Mr. Kafka and Other Tales from the Time of the Cult is a collection of short stories by Bohumil Hrabal (1914-1997), who surely ranks in the upper echelon of Czech writers in the 20th century.
Over the weekend, I finished reading these stories, which originally were written during the years immediately following WWII, when a Stalinist variation of Communism was being imposed on Czechoslovakia.
It got me thinking about all things Czech, especially beer.
Hrabal was a fascinating character, born in Brno to an unwed mother as a citizen of the Austro-Hungarian empire, raised in the interwar period of the free Czechoslovak Republic, then surviving repressive Nazi and Communist eras to die in the reconstituted Czech Republic, minus Slovakia. He outlasted them all, and followed his own muse.
Even more so than Havel, who briefly worked in a brewery as "punishment" for dissident activities, Hrabal's life seems to embrace beer. His mother and stepfather met in the Polná brewery (Pivovar Polná), and in honor of thise fact, the writer is buried in an oak coffin bearing the same brewery's inscription.
As an artist and raconteur, Hrabal is synonymous with the proud traditions of Czech pub life. The photo above shows Hrabal, Vaclav Havel and Bill Clinton at Prague's U Zlatého tygra ("At the Golden Tiger") tavern, and such was Hrabal's loyalty to it that to this very day, it devotes a section of its web site to him.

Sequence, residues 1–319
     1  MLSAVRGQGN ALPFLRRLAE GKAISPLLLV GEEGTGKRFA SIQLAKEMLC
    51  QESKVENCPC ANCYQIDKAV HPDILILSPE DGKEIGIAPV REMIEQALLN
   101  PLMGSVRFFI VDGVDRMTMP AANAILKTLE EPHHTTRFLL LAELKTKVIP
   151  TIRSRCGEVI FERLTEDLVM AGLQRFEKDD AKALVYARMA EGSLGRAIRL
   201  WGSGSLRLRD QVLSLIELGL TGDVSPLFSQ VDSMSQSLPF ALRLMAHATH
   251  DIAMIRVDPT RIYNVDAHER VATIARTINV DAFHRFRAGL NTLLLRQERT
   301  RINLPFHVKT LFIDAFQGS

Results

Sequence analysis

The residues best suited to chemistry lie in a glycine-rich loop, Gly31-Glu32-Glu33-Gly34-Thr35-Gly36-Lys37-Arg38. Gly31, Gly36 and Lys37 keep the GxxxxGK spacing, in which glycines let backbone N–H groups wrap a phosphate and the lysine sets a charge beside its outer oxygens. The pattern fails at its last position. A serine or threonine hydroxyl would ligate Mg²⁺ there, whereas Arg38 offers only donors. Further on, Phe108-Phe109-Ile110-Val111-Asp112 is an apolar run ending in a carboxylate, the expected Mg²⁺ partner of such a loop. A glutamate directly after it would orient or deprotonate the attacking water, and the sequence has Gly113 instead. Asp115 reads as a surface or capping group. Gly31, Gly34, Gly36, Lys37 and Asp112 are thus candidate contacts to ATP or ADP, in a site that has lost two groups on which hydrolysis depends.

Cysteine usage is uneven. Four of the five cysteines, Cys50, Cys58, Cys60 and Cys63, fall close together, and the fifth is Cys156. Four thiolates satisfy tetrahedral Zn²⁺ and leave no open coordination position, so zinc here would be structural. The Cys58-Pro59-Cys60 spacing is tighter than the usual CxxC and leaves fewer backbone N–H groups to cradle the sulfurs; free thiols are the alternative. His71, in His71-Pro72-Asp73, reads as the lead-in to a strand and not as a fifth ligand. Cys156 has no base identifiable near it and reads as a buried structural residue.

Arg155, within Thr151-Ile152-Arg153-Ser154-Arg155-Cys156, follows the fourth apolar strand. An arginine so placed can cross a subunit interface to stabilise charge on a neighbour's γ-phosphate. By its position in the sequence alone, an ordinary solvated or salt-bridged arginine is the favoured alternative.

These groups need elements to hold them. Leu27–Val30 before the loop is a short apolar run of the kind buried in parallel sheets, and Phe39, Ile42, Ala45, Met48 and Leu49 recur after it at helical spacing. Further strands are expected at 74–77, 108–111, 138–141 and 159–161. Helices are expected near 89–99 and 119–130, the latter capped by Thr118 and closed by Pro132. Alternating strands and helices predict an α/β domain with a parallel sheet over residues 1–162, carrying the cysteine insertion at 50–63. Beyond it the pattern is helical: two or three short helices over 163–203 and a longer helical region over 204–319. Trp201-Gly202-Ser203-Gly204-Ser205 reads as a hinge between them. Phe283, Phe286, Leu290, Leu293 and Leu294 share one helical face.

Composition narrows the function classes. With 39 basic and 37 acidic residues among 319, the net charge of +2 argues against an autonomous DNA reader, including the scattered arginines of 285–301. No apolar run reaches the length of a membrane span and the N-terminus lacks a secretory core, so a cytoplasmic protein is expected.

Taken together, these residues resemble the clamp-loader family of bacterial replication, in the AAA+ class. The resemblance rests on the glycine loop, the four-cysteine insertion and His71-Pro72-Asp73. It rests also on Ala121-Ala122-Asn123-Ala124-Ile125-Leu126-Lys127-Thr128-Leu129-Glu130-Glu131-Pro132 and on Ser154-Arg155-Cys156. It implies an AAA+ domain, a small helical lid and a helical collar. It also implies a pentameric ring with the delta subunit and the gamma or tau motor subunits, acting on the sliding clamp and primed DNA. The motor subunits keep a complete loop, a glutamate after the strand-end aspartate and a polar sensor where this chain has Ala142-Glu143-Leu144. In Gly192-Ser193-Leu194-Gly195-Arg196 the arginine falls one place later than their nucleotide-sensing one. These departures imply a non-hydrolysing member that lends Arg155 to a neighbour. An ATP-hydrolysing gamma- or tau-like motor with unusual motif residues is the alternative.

Hrabal, who was a firework of ideas and witty solutions, and who lived the glory and downfall of the cultural boom of the sixties, was surrounded by the best representatives of the intellectual and art world. This place was the intersection of the visits and visitors from all the Word. Everyone wanted to speak to Hrabal and look into the places where the plots of his novels are set.
The only beer U Zlatého tygra serves is draft Pilsner Urquell. One time in 1995, a half-dozen of us stopped there, despairing of being able to find a place to sit as a group. We spotted one man holding down a table, and I tried to ask him in gibberish Czech whether the seats were taken. He interrupted in English and invited us to sit.
No, it was not Hrabal. Our new friend was a native maker of documentary films, who had fled Czechoslovakia many years before but returned after the fall of communism. The filmmaker began explaining the history of the pub, then asked the man behind the counter if he could take us into the basement.
Off we went, threading down two flights of stairs to the cellar, where several dozen kegs of Urquell were stacked around an air conditioner of sorts, which brought the temperature down a few degrees from the subterranean norm. Back at street level, we proceeded to drain rounds of delicious beer. For all I know, Hrabal might have been in the room that night, although neither Havel nor Clinton were to be seen.
All of these memories came to the surface on Saturday, when I was killing time and amusing myself by examining the beer aisle at the Mejier on Charlestown Road.
In front of me on the shelf were twelve packs of Pilsner Urquell for approximately $17, tax included. That's a few cents less than a buck and a half for 11.2 ounces of what remains a fine lager, and maybe the best Pilsner in the world, in spite of its multinational enslavement.
I didn't pull the trigger, because I'd rather spend my money at Keg Liquors. The day will come, and quite soon. I might resume buying Urquell by the case, as I did 25 years ago.
Between Hrabal's storytelling, U Zlatého tygra's dungeon and those bottles of beer, there was a desperate craving for steamed dumplings, roasted pork and another glimpse of the Vltava.
Some sweet day.